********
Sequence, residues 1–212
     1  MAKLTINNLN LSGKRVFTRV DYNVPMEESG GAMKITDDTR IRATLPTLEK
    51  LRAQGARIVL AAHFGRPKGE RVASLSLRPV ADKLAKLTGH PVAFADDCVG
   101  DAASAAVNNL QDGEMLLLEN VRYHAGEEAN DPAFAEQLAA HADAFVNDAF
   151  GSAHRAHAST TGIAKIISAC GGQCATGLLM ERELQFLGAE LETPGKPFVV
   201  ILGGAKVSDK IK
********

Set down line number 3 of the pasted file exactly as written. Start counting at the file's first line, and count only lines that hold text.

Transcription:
    51  LRAQGARIVL AAHFGRPKGE RVASLSLRPV ADKLAKLTGH PVAFADDCVG